Nabers suggests “taxpayers, members of the media, elected officials and the public atlarge should spend some time getting to know more about publicprivate partnerships,” because as she put it, P3s and sponsorships “are fast becoming the wave of the future.”

 

 

For 22 years, pocket change has been pumped into the Texas Lottery and, let me tell you, it has really added up.  Were talking billions of dollars!   Billions!

First of all, you need to realize that of all the money gamb … uh … played in the Texas Lottery, 63% is paid out to the winners.  Five percent goes to retailer commissions and 4.4% covers the cost of lottery administration.  Another 1.4%, representing unclaimed prizes, is distributed to various state programs.  Okay, okay, we get it.  Forget percentages.  Lets get to cold hard cash.  How much money has gone to the state of Texas?

The Texas Lottery has generated well over $21 billion for the state since the first ticket was sold in 1992.  As impressive as that total is, only $16 billion has gone to support Texas education.  Wait a minute.  From the beginning, the debate about adopting the lottery centered around the fact that the proceeds from players would help education.  Didn’t happen right away.

You see, when the Legislature set up the law, the proceeds were allocated to the General Revenue Fund.  The legislators had the option of allocating the money to education.  But, guess what?  Somehow the money was siphoned off to other needs.”  Imagine that.  A public outcry finally got the attention of your legislators.  And the law was changed.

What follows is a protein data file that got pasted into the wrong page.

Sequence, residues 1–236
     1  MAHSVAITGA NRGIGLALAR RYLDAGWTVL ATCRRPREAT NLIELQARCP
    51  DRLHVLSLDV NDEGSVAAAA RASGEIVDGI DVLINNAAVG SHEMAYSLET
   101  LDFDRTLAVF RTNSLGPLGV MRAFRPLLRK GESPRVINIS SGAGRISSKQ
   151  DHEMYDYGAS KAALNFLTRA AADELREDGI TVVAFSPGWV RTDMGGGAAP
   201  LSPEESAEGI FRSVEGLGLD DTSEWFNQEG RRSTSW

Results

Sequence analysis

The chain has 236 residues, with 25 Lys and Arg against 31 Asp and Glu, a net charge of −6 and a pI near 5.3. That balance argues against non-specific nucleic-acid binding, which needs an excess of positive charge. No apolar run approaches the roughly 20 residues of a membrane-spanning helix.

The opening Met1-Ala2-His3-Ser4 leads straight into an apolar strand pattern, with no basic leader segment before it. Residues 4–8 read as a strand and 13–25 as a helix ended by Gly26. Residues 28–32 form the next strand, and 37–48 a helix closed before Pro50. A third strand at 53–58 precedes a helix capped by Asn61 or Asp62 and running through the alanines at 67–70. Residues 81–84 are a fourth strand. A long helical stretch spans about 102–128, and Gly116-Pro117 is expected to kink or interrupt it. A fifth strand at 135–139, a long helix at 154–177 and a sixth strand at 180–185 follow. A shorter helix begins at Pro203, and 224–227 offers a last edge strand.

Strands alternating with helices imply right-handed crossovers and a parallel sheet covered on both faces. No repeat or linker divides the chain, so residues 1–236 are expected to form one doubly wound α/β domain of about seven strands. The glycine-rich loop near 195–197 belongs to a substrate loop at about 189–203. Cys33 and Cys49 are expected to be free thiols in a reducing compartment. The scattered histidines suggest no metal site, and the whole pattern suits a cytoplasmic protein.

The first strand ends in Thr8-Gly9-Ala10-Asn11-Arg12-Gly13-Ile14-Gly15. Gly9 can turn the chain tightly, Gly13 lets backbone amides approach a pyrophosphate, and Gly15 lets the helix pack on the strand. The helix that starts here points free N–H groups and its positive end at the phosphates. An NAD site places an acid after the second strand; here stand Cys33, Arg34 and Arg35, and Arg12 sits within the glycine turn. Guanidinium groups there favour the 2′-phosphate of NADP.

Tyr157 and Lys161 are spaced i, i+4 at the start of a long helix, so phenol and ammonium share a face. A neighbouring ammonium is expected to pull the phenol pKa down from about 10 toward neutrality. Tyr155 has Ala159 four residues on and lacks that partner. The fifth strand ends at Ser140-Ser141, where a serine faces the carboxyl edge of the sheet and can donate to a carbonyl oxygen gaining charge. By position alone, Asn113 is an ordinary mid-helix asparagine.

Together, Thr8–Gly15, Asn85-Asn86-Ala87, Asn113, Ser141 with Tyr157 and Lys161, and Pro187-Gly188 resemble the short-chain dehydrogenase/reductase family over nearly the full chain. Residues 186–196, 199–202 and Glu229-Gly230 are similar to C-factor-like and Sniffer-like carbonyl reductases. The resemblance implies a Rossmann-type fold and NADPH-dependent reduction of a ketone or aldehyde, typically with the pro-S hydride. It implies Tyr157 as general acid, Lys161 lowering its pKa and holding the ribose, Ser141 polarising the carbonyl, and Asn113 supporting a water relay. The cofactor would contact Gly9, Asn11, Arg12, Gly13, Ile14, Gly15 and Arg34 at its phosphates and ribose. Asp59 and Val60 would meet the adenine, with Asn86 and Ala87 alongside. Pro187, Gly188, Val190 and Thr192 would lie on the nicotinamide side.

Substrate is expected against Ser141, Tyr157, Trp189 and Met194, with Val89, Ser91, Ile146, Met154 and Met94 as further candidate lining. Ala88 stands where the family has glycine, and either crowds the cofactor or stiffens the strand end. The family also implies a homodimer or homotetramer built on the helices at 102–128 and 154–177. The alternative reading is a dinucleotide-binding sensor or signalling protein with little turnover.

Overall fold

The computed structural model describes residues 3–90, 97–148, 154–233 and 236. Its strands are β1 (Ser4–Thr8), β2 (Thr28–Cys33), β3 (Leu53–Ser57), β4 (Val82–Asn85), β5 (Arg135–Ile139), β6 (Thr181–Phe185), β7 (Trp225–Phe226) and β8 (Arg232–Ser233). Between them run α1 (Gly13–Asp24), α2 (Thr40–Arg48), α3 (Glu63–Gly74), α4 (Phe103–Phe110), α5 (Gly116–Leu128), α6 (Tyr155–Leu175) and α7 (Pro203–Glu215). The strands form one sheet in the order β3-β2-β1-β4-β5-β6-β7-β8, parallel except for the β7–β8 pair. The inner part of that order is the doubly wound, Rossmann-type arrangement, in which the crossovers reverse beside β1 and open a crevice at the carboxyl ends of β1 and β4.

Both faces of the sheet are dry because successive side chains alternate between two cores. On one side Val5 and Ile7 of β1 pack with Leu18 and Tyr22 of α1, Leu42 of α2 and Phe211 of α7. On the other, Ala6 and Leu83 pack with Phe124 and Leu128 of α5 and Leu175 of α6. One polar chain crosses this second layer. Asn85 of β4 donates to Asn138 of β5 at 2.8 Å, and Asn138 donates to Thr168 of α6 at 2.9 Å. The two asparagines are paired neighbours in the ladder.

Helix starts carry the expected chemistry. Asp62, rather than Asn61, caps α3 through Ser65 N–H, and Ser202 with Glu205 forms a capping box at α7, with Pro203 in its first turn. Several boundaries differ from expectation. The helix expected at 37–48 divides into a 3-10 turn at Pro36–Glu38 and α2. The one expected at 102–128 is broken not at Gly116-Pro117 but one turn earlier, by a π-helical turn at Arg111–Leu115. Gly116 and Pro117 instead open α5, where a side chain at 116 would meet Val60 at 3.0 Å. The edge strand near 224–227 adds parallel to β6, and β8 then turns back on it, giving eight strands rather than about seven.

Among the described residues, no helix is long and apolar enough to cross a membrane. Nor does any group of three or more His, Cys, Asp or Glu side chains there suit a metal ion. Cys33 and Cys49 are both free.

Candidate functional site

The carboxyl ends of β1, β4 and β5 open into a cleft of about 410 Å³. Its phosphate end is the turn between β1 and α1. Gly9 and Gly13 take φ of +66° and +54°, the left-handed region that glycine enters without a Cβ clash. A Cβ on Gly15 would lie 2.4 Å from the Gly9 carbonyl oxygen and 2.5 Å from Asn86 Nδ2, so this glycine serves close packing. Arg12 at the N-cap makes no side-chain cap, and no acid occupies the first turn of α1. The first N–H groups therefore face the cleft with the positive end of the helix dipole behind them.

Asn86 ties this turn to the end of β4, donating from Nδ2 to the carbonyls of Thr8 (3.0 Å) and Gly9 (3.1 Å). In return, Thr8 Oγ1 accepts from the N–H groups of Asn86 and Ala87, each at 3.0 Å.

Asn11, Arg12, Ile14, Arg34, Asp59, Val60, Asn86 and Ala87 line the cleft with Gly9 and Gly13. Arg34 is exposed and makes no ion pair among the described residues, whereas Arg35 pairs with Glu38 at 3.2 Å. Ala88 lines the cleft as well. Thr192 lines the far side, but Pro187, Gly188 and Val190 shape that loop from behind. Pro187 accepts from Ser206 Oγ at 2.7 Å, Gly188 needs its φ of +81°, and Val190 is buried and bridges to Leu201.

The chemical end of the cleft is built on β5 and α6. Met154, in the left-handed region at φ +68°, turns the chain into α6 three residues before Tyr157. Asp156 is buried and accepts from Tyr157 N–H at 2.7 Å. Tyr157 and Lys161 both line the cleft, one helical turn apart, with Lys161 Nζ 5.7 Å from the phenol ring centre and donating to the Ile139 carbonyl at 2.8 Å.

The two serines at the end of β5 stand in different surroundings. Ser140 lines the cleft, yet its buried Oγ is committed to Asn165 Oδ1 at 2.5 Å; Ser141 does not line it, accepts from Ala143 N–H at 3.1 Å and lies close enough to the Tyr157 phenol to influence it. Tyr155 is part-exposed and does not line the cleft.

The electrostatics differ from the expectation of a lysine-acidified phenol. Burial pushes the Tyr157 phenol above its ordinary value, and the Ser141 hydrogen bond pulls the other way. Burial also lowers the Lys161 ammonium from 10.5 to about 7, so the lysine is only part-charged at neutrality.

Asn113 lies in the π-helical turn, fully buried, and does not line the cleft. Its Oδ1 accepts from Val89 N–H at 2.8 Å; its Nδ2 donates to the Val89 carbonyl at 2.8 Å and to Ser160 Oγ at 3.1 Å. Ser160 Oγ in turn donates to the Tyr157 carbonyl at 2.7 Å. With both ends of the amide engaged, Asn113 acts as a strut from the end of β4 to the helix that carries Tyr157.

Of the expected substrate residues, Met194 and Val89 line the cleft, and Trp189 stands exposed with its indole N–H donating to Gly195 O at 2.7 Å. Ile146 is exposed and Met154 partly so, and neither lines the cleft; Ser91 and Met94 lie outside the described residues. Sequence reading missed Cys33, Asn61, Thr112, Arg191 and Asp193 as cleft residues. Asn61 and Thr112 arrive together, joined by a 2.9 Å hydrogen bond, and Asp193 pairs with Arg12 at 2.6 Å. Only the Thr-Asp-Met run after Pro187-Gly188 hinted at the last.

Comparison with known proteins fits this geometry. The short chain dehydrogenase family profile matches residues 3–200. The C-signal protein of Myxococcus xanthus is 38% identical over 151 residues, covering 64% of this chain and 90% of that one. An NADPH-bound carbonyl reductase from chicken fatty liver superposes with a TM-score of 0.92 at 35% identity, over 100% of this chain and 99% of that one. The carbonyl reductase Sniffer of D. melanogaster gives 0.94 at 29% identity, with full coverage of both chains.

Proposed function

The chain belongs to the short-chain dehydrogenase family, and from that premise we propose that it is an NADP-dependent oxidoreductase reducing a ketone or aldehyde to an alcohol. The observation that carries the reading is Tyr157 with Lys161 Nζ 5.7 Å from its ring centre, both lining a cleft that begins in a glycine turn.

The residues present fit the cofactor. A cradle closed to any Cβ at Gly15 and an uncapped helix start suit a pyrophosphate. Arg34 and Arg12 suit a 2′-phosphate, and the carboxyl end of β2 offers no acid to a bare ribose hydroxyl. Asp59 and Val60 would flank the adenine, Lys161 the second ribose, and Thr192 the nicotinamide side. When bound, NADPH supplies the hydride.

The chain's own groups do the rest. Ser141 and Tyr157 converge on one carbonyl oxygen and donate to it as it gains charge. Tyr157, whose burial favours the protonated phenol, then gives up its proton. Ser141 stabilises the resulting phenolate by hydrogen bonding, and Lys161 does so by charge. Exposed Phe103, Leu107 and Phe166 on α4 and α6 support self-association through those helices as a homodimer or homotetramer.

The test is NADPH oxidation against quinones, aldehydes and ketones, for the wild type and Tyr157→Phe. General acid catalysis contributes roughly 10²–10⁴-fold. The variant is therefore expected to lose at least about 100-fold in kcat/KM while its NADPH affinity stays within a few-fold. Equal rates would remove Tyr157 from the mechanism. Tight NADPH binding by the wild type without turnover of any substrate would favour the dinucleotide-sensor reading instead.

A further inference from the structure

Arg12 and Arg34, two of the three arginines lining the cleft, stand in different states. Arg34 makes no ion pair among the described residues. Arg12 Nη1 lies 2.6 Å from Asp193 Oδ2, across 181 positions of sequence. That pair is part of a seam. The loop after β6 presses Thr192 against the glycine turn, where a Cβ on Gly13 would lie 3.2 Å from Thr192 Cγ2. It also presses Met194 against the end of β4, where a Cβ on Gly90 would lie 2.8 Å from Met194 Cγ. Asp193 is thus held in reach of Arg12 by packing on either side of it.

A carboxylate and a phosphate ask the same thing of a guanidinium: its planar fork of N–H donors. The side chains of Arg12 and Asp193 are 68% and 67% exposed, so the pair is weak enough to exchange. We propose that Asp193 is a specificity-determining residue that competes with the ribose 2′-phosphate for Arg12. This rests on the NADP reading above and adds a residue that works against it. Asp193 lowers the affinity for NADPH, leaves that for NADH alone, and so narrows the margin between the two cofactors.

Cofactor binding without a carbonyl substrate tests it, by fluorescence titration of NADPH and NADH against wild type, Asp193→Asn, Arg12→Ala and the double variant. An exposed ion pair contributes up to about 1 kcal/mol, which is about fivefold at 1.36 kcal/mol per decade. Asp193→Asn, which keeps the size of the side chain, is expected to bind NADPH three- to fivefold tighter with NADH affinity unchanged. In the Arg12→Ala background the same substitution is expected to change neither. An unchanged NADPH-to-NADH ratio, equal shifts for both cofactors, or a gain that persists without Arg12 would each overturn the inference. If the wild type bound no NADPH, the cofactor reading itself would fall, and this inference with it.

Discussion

So, since 1977, the proceeds have been transferred to the Foundation School Fund to support public education.  And this is how we got to the $16 billion number.  This money goes to the school districts to cover such items as teacher salaries, utilities, equipment, bilingual education, special education, etc.

By the way, the lottery proceeds continue to grow.  In fact, in the state’s fiscal year just ended, the money that went to the Foundation School Fund increased by 4.8%.  Oh yeah, the players took home an estimated $44 billion dollars since 1992.  Don’t know if you got your share.

 

 

Speaking of actions (or lack thereof) of your elected officials, heres a quick way for you to get information on the $600 million Austin Urban Rail bond election.